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Problems of Bureaucracy

Problems of Bureaucracy

Author: Zach Lamb

Identify the various bureaucratic problems that can occur in society.

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Source: Intro Music by Mark Hannan; Public Domain

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[MUSIC PLAYING] Hello. Welcome to Sociological Studies. In this lesson, we're going to take up some problems associated with bureaucracy and bureaucratic organization. Now if you haven't watched the tutorial called Characteristics of Bureaucracy, you might be a little lost when it comes to this one. So I would encourage you to watch Characteristics of Bureaucracy, then followed by this tutorial problems, The Problems With Bureaucracy.

Bureaucratic organization has dramatically increased efficiency in American capitalism and in American society. But it does have some associated problems. So we're going to take up those problems in this lesson.

First is this idea of bureaucratic alienation. You might feel that you here, dealing with a bureaucracy leaves you feeling disempowered, that you're powerless to fight or go against what the bureaucracy wants. So every time you deal with a bureaucracy, in the eyes of the bureaucracy, you are dealt with as a case. It doesn't matter about your personal situation or your personal needs. The bureaucracy has to deal with everyone in the same fashion and by the same standards. This is part of this idea of efficiency, of predictability, of control.

So dealing with a bureaucracy this way then can make you feel dehumanized or alienated. And alienation is a vast sense of powerlessness that can induce emotional responses like isolation, sadness, and anger. Bureaucratic alienation then is a feeling of powerlessness as a result of dealing with a formal bureaucratic organization in society. I'm sure you're familiar with what this feels like.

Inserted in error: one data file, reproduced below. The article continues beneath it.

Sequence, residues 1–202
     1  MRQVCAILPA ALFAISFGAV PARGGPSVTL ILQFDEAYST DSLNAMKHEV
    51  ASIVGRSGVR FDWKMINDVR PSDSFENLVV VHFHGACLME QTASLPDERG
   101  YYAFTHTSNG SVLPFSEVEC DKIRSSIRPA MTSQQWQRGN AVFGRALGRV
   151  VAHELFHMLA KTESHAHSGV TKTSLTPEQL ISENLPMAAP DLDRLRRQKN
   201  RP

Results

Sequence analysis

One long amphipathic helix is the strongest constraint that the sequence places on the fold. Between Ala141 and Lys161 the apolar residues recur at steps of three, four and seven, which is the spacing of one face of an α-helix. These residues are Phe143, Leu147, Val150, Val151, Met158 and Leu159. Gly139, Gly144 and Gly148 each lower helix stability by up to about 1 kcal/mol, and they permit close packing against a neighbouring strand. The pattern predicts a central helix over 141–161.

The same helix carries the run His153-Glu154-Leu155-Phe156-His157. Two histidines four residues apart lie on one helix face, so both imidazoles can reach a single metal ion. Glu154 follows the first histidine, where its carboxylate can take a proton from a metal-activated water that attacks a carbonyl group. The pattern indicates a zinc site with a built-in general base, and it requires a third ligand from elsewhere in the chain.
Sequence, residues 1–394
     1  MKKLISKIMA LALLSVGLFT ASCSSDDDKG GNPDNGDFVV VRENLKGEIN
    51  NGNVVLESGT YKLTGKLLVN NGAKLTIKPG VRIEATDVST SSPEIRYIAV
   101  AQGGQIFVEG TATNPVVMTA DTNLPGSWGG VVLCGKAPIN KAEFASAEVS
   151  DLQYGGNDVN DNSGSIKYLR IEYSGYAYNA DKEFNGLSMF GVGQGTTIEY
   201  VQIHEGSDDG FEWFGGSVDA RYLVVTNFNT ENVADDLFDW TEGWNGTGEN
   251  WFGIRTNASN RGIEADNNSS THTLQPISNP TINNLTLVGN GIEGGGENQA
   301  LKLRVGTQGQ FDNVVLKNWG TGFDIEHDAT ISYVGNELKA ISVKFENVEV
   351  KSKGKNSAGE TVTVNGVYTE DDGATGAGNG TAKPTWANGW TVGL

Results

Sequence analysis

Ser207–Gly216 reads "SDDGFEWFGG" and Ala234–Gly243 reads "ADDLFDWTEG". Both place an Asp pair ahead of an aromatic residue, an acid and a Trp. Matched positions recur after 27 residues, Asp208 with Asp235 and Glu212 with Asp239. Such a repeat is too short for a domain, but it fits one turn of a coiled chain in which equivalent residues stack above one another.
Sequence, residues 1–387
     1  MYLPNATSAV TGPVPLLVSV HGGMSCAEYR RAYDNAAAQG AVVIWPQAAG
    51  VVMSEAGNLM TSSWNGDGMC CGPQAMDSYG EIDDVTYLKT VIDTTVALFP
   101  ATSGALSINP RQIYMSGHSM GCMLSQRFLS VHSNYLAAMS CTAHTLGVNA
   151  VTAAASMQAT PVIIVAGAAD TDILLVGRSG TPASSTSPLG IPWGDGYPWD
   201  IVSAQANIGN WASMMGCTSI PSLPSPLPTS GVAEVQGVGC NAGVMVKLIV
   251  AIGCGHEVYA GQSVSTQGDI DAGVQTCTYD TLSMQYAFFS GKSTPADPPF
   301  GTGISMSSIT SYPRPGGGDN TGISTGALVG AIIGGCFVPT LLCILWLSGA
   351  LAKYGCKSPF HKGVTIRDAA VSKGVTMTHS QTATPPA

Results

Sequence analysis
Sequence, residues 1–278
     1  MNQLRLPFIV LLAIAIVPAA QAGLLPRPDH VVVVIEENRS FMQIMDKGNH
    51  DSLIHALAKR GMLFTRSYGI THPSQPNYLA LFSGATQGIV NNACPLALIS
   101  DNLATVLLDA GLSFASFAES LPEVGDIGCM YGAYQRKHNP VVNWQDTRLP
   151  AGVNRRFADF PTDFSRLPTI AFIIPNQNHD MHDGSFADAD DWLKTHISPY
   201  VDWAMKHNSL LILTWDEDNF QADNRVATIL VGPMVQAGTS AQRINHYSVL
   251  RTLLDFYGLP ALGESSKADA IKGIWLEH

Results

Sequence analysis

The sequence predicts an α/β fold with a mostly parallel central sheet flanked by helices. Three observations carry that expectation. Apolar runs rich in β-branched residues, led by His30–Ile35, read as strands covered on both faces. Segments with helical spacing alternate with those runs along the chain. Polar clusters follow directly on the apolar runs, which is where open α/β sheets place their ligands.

Think about times when you've been so frustrated and felt so powerless, like there was nothing you could do. You had to produce that document, and you had to give it to this office at this time. Otherwise, you wouldn't get that driver's license. Or if you fall behind on your home payments and a bank comes to foreclose your home. You might feel like a human, like you're entitled to this home and that you can make the payments later if they just give me a little bit more time.

But in the eyes of the bureau, it doesn't matter. You're powerless. You're a case. You're not a human with its own idiosyncratic situation. There's nothing you can do. You are powerless against the bureaucratic organization. And this is one of the negative side effects of it, bureaucratic alienation.

The second problem of bureaucratic organization is what we call bureaucratic ritualism. Bureaucracies are steadfast rule followers. And bureaucratic ritualism is an adherence to rules, codes of conduct, and processes at an almost dogmatic level-- that it becomes possible to lose sight of the goals of the organization in getting bogged down in just following the formal rules. So the steadfast application of processes and rules can, in fact, then undermine the efficiency and the mission of the organization itself.